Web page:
For better or worse, Republicans and Democrats under divided government have fallen into the habit of using the budget process and debt ceiling authorization as opportunities for either fiscal improvement or political recovery. Which is what makes President Biden's current stance a riddle. He says he won't engage in talks with the House. He calls for an unconditional hike in the debt ceiling. He seems to have arrived at the conclusion that Clinton and Obama are examples to avoid rather than ideals to pursue.

But how is Biden's position any better than theirs? He is neither as savvy as Clinton nor as popular as Obama. Biden's inflexible posture not only offers Republicans a possible line of attack. It also increases the chances that a compromise won't be reached, that America will at least partially default, and that Biden might not enjoy the same fate as his predecessors.

Republicans aren't following the historical pattern, either. Their House majority is much smaller than it was in either 1995 or in 2011. Speaker Kevin McCarthy won his position by giving his harshest critics unprecedented influence. He doesn't have the pull that Newt Gingrich had in the nineties or Paul Ryan had in the teens. He's promised that the Budget Committee will come up with a plan to balance the budget in 10 years, starting from fiscal year 2022 spending levels. That would entail more than a hundred-billion-dollar cut in discretionary spending next year—including in national defense.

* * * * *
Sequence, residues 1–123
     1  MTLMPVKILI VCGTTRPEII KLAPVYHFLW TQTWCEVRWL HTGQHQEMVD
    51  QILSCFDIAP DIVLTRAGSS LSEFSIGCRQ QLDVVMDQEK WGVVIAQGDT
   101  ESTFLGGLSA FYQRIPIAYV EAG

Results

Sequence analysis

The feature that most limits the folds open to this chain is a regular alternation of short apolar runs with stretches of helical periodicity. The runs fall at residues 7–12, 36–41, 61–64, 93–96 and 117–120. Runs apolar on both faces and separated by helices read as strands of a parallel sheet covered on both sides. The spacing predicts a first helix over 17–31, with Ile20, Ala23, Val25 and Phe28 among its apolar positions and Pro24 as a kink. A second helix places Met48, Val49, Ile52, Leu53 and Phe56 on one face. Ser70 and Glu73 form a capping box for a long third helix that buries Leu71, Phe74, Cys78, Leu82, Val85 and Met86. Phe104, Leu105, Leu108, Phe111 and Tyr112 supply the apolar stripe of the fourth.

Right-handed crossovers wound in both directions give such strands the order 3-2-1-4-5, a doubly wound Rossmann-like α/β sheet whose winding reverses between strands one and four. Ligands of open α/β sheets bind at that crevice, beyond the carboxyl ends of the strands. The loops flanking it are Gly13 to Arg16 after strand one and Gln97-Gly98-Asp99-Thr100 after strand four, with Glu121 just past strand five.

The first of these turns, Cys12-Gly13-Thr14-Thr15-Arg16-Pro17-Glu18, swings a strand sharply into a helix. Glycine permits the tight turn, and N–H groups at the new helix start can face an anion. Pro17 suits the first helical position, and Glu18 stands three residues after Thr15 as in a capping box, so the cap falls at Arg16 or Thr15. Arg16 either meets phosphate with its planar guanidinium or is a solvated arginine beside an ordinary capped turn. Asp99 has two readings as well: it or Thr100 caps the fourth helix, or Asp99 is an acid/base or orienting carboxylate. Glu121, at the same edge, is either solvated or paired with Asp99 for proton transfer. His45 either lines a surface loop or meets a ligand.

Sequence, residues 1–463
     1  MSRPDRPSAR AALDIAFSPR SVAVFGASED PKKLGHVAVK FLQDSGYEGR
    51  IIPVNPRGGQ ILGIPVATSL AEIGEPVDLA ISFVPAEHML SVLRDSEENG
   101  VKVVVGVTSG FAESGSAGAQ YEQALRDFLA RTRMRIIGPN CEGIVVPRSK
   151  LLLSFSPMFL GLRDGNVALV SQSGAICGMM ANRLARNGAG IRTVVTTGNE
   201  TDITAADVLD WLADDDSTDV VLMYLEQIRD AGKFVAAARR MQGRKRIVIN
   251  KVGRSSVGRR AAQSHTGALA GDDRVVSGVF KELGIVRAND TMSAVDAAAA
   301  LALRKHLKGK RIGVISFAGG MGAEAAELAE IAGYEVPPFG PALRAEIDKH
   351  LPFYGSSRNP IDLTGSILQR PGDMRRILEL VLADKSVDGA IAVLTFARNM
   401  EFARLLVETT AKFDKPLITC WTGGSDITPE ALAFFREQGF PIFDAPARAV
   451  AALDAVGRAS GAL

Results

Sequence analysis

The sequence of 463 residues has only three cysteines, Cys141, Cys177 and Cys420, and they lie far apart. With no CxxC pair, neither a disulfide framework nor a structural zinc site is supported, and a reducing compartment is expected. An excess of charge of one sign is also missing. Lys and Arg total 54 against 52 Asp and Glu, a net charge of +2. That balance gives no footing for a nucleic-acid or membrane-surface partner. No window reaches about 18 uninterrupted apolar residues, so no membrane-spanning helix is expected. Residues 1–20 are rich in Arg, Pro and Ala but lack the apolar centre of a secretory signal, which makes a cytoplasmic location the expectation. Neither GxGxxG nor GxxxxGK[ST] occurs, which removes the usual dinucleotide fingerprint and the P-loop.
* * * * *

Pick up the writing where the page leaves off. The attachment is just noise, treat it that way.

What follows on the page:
A 10-year balanced budget is a fantasy. Why? Because, as Manhattan Institute analyst Brian Riedl points out in a must-read piece for the Dispatch, "If one assumes that current tax cuts will be extended, balancing the budget would require slashing $12 trillion in scheduled spending over the decade, and $2.7 trillion in 2032 alone. That means eliminating one-third of all projected federal spending a decade from now." And practically all that spending is popular. The public wouldn't stand for it.

Riedl wants the House GOP to rally behind achievable goals, beginning with a freeze in annual discretionary appropriations. He would add a package of about $400 billion in savings over 10 years, as well as measures that address entitlement programs such as Social Security and Medicare but wouldn't involve specific cuts in benefits or increases in the retirement age.